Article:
I don’t shoot a lot of landscapes. A scene has to really catch my eye before I am interested in making a photograph to capture it. Most landscape photography is shot with the camera on a tripod, and scene carefully framed and exposed, often while waiting for just the right time of the day. This is an unusual landscape photograph because it was a spontaneous “grab shot.” Not the ideal way to photograph a landscape.
I was on a road trip with friends, going from Billings to Bozeman, Montana. I was a passenger and looked out the window to see a stunning lenticular cloud. I grabbed my camera, quickly adjusted my settings, framed the image and shot through the windshield while traveling 75 miles an hour. I got about 10 shots off before the scene was behind me. I wasn’t sure if I would get a decent image with the speed and potential for distortion of shooing through the windshield, so I was pleasantly surprised when I saw I had a couple decent images. I converted the image to black and white to emphasize the shapes and tones and to give the image a more ominous look than a blue sky would have.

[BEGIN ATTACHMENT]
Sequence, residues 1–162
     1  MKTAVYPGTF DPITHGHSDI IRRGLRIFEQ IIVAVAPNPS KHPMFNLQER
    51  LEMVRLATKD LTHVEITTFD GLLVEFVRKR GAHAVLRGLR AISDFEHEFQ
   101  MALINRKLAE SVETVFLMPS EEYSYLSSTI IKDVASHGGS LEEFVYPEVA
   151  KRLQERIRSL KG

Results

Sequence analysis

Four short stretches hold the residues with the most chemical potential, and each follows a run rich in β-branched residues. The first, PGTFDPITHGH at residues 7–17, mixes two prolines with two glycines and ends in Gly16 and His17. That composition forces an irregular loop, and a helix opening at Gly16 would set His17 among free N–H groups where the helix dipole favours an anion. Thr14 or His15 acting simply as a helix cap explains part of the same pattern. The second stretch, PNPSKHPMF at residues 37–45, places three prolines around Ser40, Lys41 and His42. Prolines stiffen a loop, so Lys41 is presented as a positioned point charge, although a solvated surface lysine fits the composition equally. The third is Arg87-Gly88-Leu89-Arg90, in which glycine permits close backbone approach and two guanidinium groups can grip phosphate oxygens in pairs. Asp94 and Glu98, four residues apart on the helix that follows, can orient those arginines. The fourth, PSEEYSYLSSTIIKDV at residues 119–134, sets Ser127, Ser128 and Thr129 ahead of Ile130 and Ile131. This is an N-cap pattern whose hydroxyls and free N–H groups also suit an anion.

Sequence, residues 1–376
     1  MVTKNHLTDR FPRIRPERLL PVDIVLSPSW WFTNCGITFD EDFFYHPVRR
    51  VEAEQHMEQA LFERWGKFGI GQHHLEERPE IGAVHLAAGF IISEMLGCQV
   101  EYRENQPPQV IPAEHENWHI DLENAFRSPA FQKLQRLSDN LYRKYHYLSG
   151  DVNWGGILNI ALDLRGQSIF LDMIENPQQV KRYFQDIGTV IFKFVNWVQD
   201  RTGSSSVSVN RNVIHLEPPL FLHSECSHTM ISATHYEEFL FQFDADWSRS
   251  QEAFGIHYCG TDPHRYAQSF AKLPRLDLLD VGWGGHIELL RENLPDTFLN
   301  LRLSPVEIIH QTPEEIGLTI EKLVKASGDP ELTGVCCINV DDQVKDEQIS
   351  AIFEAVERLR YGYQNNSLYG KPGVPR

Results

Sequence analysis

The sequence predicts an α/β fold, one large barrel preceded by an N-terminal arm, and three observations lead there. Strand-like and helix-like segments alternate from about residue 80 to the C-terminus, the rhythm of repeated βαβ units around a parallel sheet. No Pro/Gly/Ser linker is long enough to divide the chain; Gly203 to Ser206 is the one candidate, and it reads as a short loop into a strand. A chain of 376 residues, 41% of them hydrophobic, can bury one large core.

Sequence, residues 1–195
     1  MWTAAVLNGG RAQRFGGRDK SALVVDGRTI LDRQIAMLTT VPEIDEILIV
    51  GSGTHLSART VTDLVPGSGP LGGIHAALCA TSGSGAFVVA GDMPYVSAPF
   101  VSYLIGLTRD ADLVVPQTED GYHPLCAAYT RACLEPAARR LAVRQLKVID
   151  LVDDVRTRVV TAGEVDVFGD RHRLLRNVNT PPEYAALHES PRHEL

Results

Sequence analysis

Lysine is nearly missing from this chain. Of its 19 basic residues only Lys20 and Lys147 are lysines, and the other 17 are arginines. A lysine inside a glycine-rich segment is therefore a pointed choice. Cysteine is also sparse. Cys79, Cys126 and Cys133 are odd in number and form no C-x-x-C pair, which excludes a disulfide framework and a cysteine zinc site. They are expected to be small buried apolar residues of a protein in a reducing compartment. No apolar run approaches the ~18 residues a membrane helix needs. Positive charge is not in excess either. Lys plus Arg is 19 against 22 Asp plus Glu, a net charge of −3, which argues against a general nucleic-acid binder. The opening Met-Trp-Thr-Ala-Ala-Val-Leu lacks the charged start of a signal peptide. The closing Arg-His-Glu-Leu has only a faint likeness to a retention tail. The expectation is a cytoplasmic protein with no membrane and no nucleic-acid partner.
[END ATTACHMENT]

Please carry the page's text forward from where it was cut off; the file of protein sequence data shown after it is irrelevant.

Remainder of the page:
I often struggle with inspiration. This is common for any creative endeavor. Writers can’t think of a story; painters don’t know what to paint, and photographers don’t know what to shoot. But one of the best things that happens to photographers is that we learn a different way of seeing the world, making photographs in our minds before ever clicking the shutter. Sometimes without ever clicking the shutter! A scene like this is an obvious candidate for photography, but there are endless seemingly mundane scenes and events around us all the time that can be made into an interesting and inspiring photograph. The hard part is being tuned in enough to see them.
This print is available in the shop.